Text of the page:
Thursday, October 17, 2013

B-17G Walk-Around

I was lucky enough to get up close and personal with the Collings Foundation's Boeing B-17G, "Nine O Nine"
This is one of ten B-17s that still fly, out of 12,731 that were built during World War Two.
Note the distinctive chin turret (above) that the G model was known for. This was added because German fighter pilots had learned that the best way to kill a B-17 was a head-on attack aimed at taking out the pilots and bombardier.
Above and below, close-up views of the Wright R-1820-97 "Cyclone" turbosupercharged radial engines. These put out 1,200 hp each.
This aircraft could cruise at 182mph and had a range of 2,000 miles, allowing it to take the fight anywhere in Germany.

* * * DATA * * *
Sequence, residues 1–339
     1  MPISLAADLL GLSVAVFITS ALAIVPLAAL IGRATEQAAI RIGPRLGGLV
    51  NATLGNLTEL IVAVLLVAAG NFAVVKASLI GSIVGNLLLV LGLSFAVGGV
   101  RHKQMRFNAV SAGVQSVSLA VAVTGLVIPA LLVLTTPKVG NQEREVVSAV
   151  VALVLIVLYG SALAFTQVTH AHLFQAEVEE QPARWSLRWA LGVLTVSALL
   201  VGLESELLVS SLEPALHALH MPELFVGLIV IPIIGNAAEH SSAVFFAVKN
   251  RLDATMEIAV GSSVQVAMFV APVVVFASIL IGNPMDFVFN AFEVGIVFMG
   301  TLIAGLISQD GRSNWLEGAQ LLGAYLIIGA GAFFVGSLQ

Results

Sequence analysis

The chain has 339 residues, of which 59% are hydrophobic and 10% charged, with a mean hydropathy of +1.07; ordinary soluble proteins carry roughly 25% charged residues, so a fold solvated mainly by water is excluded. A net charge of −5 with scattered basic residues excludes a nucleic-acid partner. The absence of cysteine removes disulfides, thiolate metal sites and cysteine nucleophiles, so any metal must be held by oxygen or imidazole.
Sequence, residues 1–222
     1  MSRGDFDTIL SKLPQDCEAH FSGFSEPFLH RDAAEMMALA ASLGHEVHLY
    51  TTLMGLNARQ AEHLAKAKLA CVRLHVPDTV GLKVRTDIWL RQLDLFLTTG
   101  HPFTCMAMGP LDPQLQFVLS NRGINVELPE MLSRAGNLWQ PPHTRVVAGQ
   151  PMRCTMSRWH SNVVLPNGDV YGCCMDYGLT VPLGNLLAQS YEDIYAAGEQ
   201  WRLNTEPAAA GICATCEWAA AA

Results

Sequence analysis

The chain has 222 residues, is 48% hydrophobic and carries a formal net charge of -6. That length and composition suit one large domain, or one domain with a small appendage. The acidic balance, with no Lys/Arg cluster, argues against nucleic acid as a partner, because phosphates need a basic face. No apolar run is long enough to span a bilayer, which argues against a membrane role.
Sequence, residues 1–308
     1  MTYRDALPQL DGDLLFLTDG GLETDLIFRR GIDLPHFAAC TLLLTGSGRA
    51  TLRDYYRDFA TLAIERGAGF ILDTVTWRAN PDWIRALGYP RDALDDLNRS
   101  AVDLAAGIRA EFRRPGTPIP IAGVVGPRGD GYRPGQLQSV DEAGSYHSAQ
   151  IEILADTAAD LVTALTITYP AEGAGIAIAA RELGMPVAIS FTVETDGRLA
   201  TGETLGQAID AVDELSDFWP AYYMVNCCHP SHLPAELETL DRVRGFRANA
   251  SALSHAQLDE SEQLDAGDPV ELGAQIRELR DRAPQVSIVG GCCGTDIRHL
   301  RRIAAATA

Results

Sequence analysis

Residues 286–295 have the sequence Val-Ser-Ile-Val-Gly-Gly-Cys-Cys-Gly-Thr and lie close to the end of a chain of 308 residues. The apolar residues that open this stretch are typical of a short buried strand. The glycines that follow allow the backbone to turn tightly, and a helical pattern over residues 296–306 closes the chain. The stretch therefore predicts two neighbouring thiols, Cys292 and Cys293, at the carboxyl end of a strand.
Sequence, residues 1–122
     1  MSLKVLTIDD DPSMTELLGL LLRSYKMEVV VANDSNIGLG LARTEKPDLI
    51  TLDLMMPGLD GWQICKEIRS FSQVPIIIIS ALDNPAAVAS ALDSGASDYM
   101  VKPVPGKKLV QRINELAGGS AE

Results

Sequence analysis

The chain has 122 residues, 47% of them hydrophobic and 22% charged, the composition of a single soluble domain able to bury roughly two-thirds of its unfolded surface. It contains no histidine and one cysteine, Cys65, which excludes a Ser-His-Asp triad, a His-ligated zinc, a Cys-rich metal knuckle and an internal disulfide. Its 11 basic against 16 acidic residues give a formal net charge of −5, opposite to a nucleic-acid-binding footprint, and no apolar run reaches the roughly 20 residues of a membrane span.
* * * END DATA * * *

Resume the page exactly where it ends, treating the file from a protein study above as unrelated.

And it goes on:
Now that's a tire (above). Below is the ball turret that protected the belly of the aircraft, and other aircraft when flown in formation.
Starboard waist gun (above), twin tail guns (below). The B-17G sported 13 .50 M2 air-cooled machine guns.
Starting the starboard inboard engine. (Above). Taxiing out (below).
A sight that I'm sure many Germans remember.


  1. Oh man, now I've fallen in love all over again!

  2. My dad was a bombardier in one of those during WWII. He and his entire crew made all 25 (or were they up to 30 at that point?) missions without losing a crewmember. Pretty unusual.

  3. The very first time I went to the airshow at the Planes of Fame museum in Chino, I saw a B-17 fly-by escorted by four P-51's.

    Man, talk about MUSIC!

  4. Great pics, thanks for sharing them!

  5. Movies and tv shows made the cockpit seem large. Not hardly. Very tight quarters. In fact, the whole interior seems like it's 3/4 scale, compared to the screen image. Bit of a shock, after growing up with it on screen. Hollywood screws up almost everything! Sigh...